Radio Head
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Radio Head

3.8 of 5 stars 3.80  ·  rating details  ·  45 ratings  ·  9 reviews
s/t: From Chris Moyles to Book at Bedtime, Via Iranian Hip Hop, Ibsen Plays & Stuart Maconie
The hilarious and revealing account of the author's month as a Radio Head: listening to a different radio station each day, all day, for thirty days.
Paperback, 304 pages
Published May 5th 2009 by Simon & Schuster Ltd
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(showing 1-30 of 77)
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Daniel
An quick entertaining read from author beginner John Osbourne. The book gives a good snapshot into the world of British radio. I felt that it needed to cover more ground but listening to a different radio station each day for a month is probably a hard task to do especially if you're working. The interviews with Tommy Boyd, Radcliffe & Maconie and Nicholas Parsons impressed me the most. Tommy Boyd is one colourful character that could probably fill lots of books.

One glaring error I would to...more
Alison
Just finished reading Radio Head and loved it. Radio is a passion of mine and there aren't enough books about it as a medium ... this stands level with Rebel Radio (about 70s and early 80s pirate radio) and I Am an Oil Tanker (about radio around the world). Radio Head started off okay but got better as it went along - at first Osborne just seemed to be reporting what he heard with little comment on how it made him feel but later he seemed to get more emotionally involved in the book and that mad...more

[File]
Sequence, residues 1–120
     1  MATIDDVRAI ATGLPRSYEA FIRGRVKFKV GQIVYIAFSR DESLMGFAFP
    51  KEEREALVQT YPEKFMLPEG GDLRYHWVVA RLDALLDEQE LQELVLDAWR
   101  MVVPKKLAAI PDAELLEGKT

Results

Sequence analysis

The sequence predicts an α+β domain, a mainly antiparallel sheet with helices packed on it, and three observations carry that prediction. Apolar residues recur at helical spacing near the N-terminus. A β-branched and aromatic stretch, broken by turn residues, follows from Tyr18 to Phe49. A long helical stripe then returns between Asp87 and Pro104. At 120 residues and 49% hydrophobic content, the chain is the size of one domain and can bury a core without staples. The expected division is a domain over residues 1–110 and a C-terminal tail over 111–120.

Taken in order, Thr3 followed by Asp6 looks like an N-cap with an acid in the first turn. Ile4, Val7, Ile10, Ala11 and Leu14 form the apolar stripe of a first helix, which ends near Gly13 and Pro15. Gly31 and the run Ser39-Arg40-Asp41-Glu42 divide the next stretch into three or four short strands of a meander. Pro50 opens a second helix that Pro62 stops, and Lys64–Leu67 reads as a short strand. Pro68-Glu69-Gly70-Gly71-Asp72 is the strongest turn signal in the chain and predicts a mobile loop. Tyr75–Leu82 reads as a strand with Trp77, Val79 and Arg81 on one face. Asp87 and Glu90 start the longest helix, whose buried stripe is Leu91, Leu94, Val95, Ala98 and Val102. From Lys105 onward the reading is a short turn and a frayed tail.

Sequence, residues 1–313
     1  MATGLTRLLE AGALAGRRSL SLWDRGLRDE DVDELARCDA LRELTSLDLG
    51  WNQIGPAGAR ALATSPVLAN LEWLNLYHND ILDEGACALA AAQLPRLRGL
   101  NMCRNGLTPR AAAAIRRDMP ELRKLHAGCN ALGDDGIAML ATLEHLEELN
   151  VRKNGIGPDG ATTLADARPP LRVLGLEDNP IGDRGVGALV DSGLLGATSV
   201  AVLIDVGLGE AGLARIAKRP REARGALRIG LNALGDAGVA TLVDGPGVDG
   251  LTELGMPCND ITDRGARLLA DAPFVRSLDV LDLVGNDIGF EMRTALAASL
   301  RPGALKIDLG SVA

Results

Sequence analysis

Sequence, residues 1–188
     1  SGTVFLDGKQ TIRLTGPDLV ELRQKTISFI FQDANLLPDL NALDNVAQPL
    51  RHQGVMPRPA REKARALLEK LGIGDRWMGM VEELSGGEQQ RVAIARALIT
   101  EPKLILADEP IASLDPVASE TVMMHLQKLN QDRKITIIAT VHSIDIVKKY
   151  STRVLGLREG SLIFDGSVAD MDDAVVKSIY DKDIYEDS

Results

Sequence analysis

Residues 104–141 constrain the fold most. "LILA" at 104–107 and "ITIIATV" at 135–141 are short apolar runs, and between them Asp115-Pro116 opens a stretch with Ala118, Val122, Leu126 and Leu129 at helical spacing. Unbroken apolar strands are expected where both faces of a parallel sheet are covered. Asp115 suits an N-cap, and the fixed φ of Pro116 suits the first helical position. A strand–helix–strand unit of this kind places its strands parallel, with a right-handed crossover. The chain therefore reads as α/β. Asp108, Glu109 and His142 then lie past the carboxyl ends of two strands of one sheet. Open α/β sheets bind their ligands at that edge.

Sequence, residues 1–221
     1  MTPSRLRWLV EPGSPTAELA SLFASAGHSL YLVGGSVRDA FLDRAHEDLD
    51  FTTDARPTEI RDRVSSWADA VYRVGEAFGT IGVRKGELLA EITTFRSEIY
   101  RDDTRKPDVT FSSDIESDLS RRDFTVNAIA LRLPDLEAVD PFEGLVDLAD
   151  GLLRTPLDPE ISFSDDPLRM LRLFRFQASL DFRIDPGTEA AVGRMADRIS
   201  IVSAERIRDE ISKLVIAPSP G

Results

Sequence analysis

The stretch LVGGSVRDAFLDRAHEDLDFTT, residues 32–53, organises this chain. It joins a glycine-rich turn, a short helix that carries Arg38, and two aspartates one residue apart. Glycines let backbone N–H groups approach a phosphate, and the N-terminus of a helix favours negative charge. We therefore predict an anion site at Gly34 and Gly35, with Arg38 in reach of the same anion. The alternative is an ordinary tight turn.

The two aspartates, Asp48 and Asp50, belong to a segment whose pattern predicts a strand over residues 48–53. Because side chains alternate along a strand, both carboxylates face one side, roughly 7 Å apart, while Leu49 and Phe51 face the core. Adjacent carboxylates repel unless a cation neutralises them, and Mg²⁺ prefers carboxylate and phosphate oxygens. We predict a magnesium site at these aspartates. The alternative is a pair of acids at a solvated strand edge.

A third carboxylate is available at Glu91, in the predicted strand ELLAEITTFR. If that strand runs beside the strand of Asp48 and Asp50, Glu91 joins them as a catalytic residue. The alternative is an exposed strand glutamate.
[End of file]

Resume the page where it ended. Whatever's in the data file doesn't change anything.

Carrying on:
Russio
Really enjoyable read that communicates John Osborne's passion for all things radiophonic. Scrolling his dial he spends a day at a time discovering stations that he enjoys, even if the most entertaining reading is when he doesn't like a DJ. Is book made me want to explore the radio more myself and knowing that he then went on to have a great series on Future Radio is a great postscript. Perhaps the most pleasing aspect of the book is his witty rendering of his day-to-day existence with his boss...more
Alex
I din't like the author's style of writing at first, but by the end of the book it had become quite endearing. His writing also seemed to mature as it went on - I don't know if this was deliberate or not. It's a simple concept to build a book around - he listens to a different station everyday and just writes about the programming of the station and his own life. But it works brilliantly. I'm quite jealous that I never thought of it first.....anyway, a must read for any radio nut like myself.
Nix
Saw this guy's one man show - John Peel's shed - absolutely charming. Draws on many of the observations in this book. Wry, charming, unexpected and a fantastic exploration of the genre of radio. An absolute gem and am loving it.

Peter
If you're a bit of a radiophile like I am, this book is really funny and will definitely strike a chord.
☯Bettie☯
Mar 06, 2014 ☯Bettie☯ marked it as lookedinto-decidedagainst
Was going to listen to this, however there is so much more calling ...
Julie
Not bad. Started off a bit slow but I got into it after a few chapters.
Lorraine
Interesting and a very likeable writing style.
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John Osborne's one man show 1 1 Aug 16, 2012 05:51AM  
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John James Osborne (December 12, 1929–December 24, 1994) was an English playwright, screenwriter, actor and critic of The Establishment. The stunning success of his 1956 play Look Back in Anger transformed English theatre. In a productive life of more than 40 years, Osborne explored many themes and genres, writing for stage, film and TV. His personal life was extravagant and iconoclastic. He was n...more
More about John Osborne...
Look Back in Anger Luther The Entertainer (Plays) Willow Brown, American Fairy: Book Two of the Willow Brown Stories Don't Need the Sunshine

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